Originally published on Mon August 6, 2012 1:02 pm
STEVE INSKEEP, HOST:
Usain Bolt remains the world's fastest man. Last night at the London Summer Games, the Jamaican superstar successfully defended his Olympic 100-meter title. Bolt ran his second-fastest time ever, an Olympic record - 9.63 seconds. He joins American Carl Lewis as the only other man to win consecutive Olympic 100s. NPR's Tom Goldman is in London.
NPR's business news starts with an airline refund.
Refunds are starting to arrive in the bank accounts of Southwest Airlines' customers who were billed multiple times for promotional fares booked on Friday. Some customers paid for their discounted air travel as many as 20 times, according to the Associated Press. The company blamed the problem on a computer glitch.
A lot is at stake in the current election, but no matter who wins, the victor will stay committed to policies that cripple the middle class. That's according to Pulitzer Prize-winning reporters Donald Barlett and James Steele, who've been covering the middle class for decades.
In their new book, The Betrayal of the American Dream, Barlett and Steele criticize a government obsessed with free trade and indifferent toward companies that outsource jobs.
Any tour of Brighton, England, has to begin at the Royal Pavilion, according to crime writer Peter James. Built by a king for his mistress 200 years ago, its Taj Mahal-like spires are the city's best-known landmark.
James' latest novel, Not Dead Yet, features — spoiler alert! — a pivotal scene in the pavilion's dining room, with its one-and-a-half ton crystal chandelier. Without giving too much away — the book won't be released in the U.S. until November – let's just say it might have something to do with the aforementioned chandelier.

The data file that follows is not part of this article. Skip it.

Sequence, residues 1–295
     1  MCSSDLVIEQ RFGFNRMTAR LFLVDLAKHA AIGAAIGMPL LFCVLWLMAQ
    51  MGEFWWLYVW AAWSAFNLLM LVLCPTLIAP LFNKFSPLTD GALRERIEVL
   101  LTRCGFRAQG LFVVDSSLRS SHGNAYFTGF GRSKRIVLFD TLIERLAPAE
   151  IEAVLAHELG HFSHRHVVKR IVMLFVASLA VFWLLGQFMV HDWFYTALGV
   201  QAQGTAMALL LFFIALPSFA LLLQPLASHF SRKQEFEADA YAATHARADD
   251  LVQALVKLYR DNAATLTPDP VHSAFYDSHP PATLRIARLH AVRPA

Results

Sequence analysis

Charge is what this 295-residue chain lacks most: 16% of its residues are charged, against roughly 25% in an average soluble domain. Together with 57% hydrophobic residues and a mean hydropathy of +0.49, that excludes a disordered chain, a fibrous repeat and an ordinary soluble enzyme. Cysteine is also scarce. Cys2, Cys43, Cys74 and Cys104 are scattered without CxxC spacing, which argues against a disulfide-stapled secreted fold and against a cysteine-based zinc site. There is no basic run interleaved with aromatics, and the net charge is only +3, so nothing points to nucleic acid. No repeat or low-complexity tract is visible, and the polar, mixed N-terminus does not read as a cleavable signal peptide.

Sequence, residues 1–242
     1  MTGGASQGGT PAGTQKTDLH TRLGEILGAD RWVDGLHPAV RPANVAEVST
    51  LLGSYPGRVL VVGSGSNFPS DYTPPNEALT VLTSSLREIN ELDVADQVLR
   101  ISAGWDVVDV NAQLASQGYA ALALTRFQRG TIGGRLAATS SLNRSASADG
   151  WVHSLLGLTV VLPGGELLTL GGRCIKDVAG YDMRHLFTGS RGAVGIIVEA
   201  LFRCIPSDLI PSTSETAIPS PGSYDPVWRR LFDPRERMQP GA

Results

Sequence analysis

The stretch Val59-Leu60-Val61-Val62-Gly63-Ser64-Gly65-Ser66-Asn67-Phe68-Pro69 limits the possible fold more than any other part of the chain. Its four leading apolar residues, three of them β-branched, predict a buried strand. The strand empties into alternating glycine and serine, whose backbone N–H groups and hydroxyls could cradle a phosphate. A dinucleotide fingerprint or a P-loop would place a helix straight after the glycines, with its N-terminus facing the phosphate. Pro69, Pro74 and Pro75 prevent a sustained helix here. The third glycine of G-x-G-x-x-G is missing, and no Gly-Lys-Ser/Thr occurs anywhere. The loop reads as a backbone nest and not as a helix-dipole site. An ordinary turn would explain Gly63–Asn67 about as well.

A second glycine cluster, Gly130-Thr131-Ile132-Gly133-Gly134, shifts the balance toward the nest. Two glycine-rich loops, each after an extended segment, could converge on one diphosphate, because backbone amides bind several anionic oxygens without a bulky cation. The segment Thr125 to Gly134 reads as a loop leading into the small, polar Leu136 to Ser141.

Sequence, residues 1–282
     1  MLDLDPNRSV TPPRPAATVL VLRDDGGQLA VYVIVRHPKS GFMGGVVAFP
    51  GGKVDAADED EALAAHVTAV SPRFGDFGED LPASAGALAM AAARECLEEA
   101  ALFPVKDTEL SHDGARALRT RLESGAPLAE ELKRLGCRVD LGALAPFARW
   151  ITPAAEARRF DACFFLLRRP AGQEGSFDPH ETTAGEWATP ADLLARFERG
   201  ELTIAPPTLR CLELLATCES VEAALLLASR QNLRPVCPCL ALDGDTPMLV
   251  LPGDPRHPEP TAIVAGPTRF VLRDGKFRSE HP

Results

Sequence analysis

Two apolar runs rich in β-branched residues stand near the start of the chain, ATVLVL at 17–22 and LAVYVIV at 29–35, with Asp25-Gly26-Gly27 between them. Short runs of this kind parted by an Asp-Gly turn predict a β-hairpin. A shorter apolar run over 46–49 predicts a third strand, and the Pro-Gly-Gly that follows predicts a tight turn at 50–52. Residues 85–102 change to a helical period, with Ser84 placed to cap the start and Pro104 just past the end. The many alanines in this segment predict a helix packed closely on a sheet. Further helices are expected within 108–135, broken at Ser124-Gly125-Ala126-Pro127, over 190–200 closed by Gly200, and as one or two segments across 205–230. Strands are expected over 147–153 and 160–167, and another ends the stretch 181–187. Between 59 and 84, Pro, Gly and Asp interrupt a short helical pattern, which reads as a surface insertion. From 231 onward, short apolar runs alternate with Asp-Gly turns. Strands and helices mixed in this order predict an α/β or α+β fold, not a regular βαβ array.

Originally published on Mon August 6, 2012 6:26 am
The best place to stand in the entire solar system at 1:14 a.m. ET Monday was about 150 million miles away, at the bottom of Gale Crater near the equator of the Red Planet.
Looking west around mid-afternoon local time, a Martian bystander would have seen a rocket-powered alien spacecraft approach and then hover about 60 feet over the rock-strewn plain between the crater walls and the towering slopes of nearby Mount Sharp.
A legend of Latin American song has died. Chavela Vargas was a cultural icon across the Spanish-speaking world, with a voice that redefined notions of beauty and an attitude that brashly bent gender roles. Vargas died Sunday; she was 93.
She was born Isabel Vargas Lizano in Costa Rica, but audiences knew her as Chavela, a hard-partying, rabble-rousing, fiery singer who adopted Mexico as her homeland and began singing on the streets in her early teens.
One of the things the Mars rover will look for is organic molecules that could at least indicate whether there was once life on the Red Planet. But if searching for life in outer space is the goal, many scientists now say we might have better luck elsewhere — specifically one of Saturn's moons, Enceladus.
Mitt Romney and Virginia Gov. Bob McDonnell were featured on the front page of a Chinese-language newspaper following a visit to the Northern Virginia's Asian-American community in June. Such engagements with the Asian community helped McDonnell win his current office.
Some people are intimidated by the vastness of classical music. And while the prospect of more than 1,000 years of hits to consider may be daunting, just think instead of how many musical journeys of discovery can be made.
Theweekends on All Things Considered series Movies I've Seen A Million Times features filmmakers, actors, writers and directors talking about the movies that they never get tired of watching.
For writer-director Jay Chandrasekhar, whose credits include Super Troopers, Beerfest and The Babymakers, which opened in theaters this weekend, the movie he could watch a million times is Rob Reiner's This Is Spinal Tap. "The accents are flawless, the music is really good," Chandrasekhar says.